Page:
How to Write a Will in Nevada

By Beverly Bird

You may legally write a will in Nevada if you are older than 18 years of age and of sound mind, which basically means that you know you're writing a will and understand what's in it. The will must be in written or electronic form. Nevada does not accept nuncupative wills, also called oral or deathbed wills.

Step 1

Inventory your assets. Identify which property belongs in your will and which does not. For instance, if you have a life insurance policy that names your daughter as beneficiary, this is a “non-probate” asset and does not need to be in your will. Only property that does not pass directly to someone else by way of title or contract, such as certain real estate or retirement benefits, is disbursed in your last will and testament.

Step 2

Create a list of who you want to name as beneficiaries in your will. Decide who is going to receive what property and assets. Nevada allows you to attach a separate property list to your will for smaller items of specific property, such as items of jewelry, furniture or collections. It must include the date you are making it, a reference to the will it is to be appended to, a detailed description of each item of property and who you are giving it to, and your signature.

Protect your loved ones. Start My Estate Plan

Step 3

Decide who you want to settle your estate after your death. This is your personal representative, also called an executor or administrator. Choose an alternate, as well, in case the first person predeceases you or does not want to serve. Speak to each of them to get their consent to act in this position.

Step 4

Select a guardian to care for your minor children, if any, after your death, and make sure she is willing to do this. In most cases, your children's other parent will raise them when you pass away, but you should prepare for the eventuality that he might predecease you or that you die together.

Step 5

Prepare your will to include your bequests, property list, personal representative and guardian. You can pay an attorney to do this or download a statutory form from the Internet, but make sure the form is unique to Nevada so it includes the appropriate language for the state. Nevada also allows electronic and holographic, or handwritten, wills. If you write your will by hand, the signature, date, bequests and all named parties must be in your penmanship. If you do your will electronically, it must include at least one authentic identifier, such as an electronic copy of your fingerprint or a voice recognition component. Store it to an electronic file in such a way that any alteration is readily apparent.

Step 6

Gather your witnesses to watch you sign your will and to sign it themselves. Nevada requires two witnesses, except for holographic or electronic wills, which do not have to be witnessed. You can also "self-prove" your will at this time. This involves a second declaration, signed by you and your witnesses, notarized and attached to your will. The declaration attests that the will is authentic so your witnesses will not have to appear in court after your death to testify to that.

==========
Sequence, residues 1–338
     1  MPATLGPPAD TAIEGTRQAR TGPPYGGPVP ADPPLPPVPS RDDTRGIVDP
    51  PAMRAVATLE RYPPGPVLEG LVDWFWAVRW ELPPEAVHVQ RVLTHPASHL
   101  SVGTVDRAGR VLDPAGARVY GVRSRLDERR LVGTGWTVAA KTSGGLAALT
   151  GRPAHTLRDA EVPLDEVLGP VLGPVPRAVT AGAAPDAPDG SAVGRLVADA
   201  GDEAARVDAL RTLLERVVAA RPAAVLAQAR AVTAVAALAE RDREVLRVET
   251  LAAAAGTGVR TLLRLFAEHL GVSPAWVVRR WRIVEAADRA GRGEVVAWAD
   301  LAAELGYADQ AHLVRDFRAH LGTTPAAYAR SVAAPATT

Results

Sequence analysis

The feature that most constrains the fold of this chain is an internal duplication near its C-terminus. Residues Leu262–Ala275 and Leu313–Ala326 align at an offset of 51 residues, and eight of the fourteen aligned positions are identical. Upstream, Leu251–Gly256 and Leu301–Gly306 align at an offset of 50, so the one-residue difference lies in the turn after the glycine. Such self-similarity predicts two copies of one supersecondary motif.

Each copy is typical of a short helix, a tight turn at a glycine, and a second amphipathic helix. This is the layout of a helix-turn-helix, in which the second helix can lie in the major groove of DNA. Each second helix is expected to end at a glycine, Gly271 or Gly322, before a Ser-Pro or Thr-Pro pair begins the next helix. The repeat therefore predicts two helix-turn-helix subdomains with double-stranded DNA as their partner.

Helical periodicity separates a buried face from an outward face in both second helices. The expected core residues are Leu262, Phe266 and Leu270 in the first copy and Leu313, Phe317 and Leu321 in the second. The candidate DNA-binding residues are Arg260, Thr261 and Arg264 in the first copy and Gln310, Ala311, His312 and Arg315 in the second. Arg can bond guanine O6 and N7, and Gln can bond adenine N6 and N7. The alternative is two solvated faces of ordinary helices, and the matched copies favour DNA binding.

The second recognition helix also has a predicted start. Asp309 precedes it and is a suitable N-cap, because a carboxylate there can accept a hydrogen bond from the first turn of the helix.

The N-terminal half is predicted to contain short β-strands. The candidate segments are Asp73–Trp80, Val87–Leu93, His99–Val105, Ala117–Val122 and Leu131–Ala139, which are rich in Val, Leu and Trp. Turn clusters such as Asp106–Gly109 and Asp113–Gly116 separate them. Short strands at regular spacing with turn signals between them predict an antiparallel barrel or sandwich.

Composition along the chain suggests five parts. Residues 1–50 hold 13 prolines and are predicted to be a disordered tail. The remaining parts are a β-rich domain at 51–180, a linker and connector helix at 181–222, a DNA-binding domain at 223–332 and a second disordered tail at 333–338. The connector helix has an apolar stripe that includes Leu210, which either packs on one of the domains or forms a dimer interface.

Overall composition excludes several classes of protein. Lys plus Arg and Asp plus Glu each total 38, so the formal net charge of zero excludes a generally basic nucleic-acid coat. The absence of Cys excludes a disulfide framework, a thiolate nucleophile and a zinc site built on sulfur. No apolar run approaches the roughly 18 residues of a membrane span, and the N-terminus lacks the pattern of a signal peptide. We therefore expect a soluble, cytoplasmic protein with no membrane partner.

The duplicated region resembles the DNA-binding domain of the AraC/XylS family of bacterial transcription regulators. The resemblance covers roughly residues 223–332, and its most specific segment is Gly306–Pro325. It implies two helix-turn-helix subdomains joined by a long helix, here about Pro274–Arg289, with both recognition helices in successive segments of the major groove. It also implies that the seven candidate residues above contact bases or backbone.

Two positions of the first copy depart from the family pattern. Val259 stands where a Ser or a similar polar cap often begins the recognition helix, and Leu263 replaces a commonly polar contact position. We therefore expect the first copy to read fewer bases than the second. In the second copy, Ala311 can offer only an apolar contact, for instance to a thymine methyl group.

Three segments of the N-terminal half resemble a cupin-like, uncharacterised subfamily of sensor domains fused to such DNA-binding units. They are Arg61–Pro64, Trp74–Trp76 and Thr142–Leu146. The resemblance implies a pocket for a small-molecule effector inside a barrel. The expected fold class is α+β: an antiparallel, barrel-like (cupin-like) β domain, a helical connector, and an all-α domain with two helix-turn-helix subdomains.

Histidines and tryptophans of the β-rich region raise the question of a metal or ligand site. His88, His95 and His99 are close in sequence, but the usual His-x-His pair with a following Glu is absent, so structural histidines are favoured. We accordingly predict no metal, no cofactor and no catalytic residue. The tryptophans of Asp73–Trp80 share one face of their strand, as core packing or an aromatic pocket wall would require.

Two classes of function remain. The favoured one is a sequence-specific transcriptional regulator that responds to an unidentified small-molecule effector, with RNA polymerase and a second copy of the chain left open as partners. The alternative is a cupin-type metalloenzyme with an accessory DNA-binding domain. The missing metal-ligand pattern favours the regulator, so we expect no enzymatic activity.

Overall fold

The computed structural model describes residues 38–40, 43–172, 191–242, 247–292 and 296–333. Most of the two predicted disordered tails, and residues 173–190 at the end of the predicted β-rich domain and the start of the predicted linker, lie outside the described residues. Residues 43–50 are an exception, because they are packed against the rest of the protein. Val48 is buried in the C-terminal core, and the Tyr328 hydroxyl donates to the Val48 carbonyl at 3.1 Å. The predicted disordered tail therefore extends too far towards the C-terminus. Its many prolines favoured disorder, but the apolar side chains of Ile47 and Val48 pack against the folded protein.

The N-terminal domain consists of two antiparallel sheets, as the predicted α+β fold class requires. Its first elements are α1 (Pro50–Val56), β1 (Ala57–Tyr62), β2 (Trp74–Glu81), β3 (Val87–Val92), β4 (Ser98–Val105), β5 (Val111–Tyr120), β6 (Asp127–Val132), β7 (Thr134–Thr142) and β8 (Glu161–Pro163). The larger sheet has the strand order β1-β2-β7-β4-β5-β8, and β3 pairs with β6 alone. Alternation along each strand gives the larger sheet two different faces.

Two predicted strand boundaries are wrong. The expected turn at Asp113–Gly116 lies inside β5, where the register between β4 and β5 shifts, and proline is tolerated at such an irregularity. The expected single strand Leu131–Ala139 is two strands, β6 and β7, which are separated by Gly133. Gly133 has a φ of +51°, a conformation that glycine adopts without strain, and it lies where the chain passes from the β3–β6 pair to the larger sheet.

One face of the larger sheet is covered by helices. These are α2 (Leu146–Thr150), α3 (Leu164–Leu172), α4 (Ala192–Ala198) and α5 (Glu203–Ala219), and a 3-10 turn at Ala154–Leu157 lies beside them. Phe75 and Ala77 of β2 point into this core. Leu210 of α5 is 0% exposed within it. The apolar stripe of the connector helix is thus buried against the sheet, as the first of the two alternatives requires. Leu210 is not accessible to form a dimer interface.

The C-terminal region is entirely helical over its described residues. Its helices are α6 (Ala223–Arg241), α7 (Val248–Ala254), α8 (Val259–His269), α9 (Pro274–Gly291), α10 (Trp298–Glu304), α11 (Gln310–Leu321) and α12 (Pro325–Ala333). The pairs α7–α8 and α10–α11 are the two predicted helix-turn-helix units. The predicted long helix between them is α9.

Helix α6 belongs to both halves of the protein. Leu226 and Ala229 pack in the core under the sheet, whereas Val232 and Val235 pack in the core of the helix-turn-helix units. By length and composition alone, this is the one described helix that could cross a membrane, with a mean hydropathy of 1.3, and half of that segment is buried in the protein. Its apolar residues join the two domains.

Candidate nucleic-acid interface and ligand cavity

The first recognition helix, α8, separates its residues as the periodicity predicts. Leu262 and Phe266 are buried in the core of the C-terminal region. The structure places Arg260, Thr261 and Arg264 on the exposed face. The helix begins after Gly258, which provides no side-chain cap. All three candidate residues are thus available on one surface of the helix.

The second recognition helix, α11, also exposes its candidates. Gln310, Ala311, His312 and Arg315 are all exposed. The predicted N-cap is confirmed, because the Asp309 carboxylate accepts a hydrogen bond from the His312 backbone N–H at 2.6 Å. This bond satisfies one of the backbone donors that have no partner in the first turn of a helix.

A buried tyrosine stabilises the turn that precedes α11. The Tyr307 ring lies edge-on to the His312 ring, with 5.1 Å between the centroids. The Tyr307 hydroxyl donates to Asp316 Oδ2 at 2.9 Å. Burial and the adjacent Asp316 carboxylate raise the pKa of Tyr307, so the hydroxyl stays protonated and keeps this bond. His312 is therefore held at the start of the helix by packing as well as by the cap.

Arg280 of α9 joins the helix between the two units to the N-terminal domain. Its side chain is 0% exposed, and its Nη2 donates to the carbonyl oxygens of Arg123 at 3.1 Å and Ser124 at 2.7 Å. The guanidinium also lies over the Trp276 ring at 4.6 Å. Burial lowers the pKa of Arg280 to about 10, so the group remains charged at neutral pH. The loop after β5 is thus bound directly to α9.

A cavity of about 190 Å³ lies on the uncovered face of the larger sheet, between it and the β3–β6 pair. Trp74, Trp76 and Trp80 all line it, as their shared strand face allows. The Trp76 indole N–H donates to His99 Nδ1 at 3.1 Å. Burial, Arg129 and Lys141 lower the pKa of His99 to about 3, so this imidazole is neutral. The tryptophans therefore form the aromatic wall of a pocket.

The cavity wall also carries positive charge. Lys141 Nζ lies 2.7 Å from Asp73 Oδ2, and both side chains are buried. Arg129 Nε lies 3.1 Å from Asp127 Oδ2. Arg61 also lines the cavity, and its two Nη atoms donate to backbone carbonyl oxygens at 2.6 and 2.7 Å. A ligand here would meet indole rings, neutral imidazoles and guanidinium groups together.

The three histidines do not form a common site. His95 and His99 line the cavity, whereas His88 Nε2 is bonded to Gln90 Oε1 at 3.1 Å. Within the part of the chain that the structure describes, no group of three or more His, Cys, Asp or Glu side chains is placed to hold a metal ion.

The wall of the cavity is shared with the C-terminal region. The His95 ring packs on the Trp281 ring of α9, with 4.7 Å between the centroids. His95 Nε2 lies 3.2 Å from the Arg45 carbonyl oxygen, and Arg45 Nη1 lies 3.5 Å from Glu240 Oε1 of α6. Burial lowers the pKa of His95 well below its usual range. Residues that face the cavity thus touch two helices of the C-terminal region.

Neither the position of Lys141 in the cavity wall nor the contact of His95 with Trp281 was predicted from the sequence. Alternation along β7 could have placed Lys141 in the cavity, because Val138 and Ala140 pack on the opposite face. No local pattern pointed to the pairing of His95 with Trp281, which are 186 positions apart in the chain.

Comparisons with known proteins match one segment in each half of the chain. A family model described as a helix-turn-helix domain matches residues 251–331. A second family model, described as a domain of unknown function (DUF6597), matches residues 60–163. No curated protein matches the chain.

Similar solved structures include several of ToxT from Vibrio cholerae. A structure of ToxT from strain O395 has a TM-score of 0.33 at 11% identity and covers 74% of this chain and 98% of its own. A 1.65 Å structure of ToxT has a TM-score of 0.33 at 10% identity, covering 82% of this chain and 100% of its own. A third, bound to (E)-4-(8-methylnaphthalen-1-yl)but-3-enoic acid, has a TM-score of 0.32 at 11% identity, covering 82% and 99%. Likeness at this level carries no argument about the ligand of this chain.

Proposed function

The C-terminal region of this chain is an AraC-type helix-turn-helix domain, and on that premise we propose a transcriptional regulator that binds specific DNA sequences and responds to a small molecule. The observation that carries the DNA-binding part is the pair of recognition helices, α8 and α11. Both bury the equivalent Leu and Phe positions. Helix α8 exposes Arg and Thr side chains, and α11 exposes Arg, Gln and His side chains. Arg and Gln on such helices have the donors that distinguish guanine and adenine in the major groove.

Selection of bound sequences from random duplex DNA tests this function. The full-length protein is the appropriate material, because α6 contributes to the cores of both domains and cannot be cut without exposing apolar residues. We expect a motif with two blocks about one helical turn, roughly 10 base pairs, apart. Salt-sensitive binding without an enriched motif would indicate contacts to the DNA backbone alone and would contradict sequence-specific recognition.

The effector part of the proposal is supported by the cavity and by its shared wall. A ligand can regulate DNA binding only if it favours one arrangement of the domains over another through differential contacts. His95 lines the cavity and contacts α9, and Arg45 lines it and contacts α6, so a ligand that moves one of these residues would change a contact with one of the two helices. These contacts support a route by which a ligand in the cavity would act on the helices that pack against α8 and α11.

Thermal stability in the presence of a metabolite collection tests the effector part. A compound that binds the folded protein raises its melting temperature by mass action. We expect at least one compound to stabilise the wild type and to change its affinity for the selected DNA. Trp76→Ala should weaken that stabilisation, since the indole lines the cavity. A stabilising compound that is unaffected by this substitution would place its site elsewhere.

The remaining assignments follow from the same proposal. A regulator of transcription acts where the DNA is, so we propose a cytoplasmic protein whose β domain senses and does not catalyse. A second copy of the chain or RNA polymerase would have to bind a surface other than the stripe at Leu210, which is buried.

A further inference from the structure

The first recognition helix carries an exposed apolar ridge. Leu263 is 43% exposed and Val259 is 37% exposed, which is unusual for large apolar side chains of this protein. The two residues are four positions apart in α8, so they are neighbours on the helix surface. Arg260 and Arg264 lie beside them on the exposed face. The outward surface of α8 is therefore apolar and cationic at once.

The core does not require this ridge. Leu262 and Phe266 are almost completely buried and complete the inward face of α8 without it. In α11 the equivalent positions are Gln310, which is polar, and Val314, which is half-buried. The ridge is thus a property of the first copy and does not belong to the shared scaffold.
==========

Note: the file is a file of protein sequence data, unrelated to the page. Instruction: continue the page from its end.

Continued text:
Protect your loved ones. Start My Estate Plan
How do I Create a Basic Will in Maine?

References

Related articles

How to Make Changes to Wills in Georgia

If you live in Georgia, you may make changes to your will by executing a codicil. A codicil must comply with Georgia law regarding will formalities. In other words, a codicil requires a mentally competent "testator," or will maker, and two mentally competent witnesses to be valid in Georgia.

How to Appoint Co-Agents for a Power of Attorney in DC

If you do not want to choose between two people to be your agents for a power of attorney in Washington D.C., you can appoint both as co-agents. This can also be a good option if one of the agents is often out of town or otherwise unavailable to act on your behalf. The process is similar to appointing one agent, but you will need to make some modifications to the power of attorney document.

How to Write an Affidavit in a Will

If you include an affidavit with your will, it can potentially save your loved ones a lot of problems and aggravation at a time when they're already grieving. An affidavit "self-proves" your will. The term can differ a little by state law – for example, in Maryland, this affidavit is known as a "Proof of Execution of Will." Regardless of the name, however, writing one involves memorializing or confirming the circumstances of your will signing.

LegalZoom. Legal help is here. Start Here. Wills. Trusts. Attorney help.

Related articles

Can You Write Your Own Divorce and Just Have It Notorized in the State of Pennsylvania?

Most states -- including Pennsylvania -- go out of their way to allow spouses to divorce according to their own terms. ...

Preparing a Will in Ohio

Most states require wills to be in a printed format, and signed by witnesses as well as the testator, or the person to ...

How to Create a Will in Maryland

Seven out of 10 Americans die without a will, according to the University of Maryland’s Maryland Cooperative Extension. ...

How to Create a Will in Massachusetts

To create a will in Massachusetts, you follow much the same procedures as you would in any other state. You must ask ...

Browse by category
Ready to Begin? GET STARTED